The opinion of the court was delivered by: Samuel Der-yeghiayan, District Judge
This matter is before the court on Defendant State Street Bank & Trust Company's ("State Street") motion for attorney's fees. For the reasons stated below, we deny the motion for attorney's fees.
Plaintiffs were all participants in the United Airlines Corporation Employee Stock Ownership Plan ("Plan"). Plaintiffs claimed before this court that United Airlines ("UAL") was in financial trouble in July 2001, and after September 2001, UAL's financial position worsened. Plaintiffs claimed that from August 2001, to August 2002, UAL stock prices fell over 80 percent in value and that up until August 2002, neither Defendant UAL Corporation ESOP Committee ("Committee"), the named fiduciary of the Plan, nor State Street, the trustee of the plan, took appropriate actions to protect the Plan assets by diversifying the stock held by the Plan. Plaintiffs claimed that on September 27, 2002, the Committee began selling the Plan's UAL stock, but that by September 27, 2002, the UAL stock had already dropped to $2.36 per share and the Plan had already lost approximately two billion dollars as a result of the decrease in the value of the stock. UAL and the individual Committee member Defendants entered into a settlement agreement in this action and State Street subsequently filed a motion for summary judgment, which we granted on November 17, 2005. State Street now contends that it is a prevailing party and moves for attorney's fees pursuant to 29 U.S.C. § 1132(g)(1)("Section 1132(g)(1)").
Pursuant to Section 1132(g)(1), "in any action under [Section 1132] by a participant, beneficiary, or fiduciary, the court in its discretion may allow a reasonable attorney's fee and costs of action to either party." Id. In regard to an award of fees under Section 1132(g)(1), "there is a 'modest presumption' in favor of awarding fees to the prevailing party, but that presumption may be rebutted." Stark v. PPM America, Inc., 354 F.3d 666, 673 (7th Cir. 2004)(quoting Senese v. Chicago Area I.B. of T. Pension Fund, 237 F.3d 819, 826 (7th Cir. 2001)). The essential inquiry in determining whether to award fees pursuant to Section 1132(g)(1) is whether "the losing party's position [was] substantially justified and taken in good faith, or [whether] that party [was] simply out to harass its opponent . . . ." Id. (quoting Bowerman v. Wal-Mart Stores, Inc., 226 F.3d 574, 593 (7th Cir. 2000)).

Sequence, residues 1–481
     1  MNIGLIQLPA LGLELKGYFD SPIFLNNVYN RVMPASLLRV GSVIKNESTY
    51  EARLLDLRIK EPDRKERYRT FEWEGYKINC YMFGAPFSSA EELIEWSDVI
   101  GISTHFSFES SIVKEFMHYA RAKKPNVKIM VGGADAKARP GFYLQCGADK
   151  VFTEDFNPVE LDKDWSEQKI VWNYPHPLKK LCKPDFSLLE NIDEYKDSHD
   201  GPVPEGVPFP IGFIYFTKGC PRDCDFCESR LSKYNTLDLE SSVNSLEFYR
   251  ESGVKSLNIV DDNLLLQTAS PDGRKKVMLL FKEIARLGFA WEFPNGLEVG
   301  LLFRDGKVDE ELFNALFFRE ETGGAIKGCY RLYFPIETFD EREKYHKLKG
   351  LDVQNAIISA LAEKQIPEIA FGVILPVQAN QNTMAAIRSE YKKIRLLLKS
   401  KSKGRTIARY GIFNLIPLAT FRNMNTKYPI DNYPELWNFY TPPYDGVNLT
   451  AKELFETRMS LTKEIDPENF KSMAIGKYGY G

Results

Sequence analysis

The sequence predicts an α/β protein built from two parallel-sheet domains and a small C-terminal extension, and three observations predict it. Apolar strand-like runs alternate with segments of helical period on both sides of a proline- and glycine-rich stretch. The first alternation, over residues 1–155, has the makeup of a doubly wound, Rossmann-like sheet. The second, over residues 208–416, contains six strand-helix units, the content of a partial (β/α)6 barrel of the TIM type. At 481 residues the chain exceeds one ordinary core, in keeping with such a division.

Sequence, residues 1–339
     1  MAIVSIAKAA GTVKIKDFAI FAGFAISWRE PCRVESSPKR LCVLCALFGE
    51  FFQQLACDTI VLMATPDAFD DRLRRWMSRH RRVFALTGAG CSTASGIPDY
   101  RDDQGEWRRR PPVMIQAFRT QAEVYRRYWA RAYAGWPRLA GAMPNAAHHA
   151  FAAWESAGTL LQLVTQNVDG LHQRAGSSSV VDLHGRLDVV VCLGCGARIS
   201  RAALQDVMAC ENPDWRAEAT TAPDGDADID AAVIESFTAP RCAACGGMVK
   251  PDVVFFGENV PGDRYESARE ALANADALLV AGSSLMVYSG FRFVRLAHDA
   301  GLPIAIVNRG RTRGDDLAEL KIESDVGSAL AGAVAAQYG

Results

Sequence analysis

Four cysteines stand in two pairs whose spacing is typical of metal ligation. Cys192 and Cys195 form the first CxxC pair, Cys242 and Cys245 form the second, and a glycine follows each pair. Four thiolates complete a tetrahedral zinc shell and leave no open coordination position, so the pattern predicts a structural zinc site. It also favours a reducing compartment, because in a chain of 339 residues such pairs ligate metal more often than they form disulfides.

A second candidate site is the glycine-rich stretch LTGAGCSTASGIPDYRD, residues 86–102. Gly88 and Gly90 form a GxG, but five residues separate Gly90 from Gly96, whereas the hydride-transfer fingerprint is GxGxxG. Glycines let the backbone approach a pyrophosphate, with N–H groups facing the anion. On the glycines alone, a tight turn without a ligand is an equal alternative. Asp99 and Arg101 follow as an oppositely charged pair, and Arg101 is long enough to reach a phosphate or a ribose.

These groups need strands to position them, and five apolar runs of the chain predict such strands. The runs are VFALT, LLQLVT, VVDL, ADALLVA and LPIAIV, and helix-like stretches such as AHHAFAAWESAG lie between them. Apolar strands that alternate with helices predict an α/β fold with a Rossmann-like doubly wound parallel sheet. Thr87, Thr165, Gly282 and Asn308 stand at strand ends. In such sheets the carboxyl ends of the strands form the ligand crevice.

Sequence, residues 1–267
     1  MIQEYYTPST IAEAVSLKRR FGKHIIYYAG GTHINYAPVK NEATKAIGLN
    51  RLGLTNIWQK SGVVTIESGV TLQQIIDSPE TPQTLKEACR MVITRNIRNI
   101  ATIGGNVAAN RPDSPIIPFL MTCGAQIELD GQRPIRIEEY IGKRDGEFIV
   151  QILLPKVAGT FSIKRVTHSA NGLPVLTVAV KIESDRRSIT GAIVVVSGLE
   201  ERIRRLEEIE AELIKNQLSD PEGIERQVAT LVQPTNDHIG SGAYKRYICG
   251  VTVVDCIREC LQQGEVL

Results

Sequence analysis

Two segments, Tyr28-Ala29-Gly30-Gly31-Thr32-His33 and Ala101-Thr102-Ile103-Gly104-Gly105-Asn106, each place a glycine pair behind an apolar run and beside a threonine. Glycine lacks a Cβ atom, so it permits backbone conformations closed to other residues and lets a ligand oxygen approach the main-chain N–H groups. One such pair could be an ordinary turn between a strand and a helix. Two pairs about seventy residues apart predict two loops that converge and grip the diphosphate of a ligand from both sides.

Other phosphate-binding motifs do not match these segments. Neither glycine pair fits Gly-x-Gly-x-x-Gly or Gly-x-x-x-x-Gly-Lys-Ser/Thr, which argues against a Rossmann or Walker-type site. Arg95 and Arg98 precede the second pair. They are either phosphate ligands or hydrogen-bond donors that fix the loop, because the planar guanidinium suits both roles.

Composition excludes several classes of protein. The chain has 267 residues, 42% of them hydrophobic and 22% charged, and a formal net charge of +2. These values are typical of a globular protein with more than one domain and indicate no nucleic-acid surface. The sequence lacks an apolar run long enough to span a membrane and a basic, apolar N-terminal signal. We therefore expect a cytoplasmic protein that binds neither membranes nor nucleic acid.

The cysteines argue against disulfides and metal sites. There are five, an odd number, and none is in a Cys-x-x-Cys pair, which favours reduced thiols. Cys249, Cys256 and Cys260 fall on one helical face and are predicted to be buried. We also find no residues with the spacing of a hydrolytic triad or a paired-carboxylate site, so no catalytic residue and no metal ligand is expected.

State Street argues that it is entitled to attorney's fees because Plaintiffs were not substantially justified in their position in regard to the claims brought against State Street. Plaintiffs' position in the instant action was that UAL was facing imminent bankruptcy in the fall of 2001 and that State Street, as the trustee, failed to act to protect the assets of the Plan by ordering the sale of UAL stock. State Street contends that Plaintiffs mainly relied upon evidence that consisted of: 1) a letter written by UAL CEO James Goodwin ("Goodwin Letter") and, 2) the fact that State Street placed UAL on a company watch list. (Mem. 8). State Street argues that those two pieces of evidence are insufficient for Plaintiffs to show that their position was substantially justified.
I. Relationship to Reasonable Trier of Fact Standard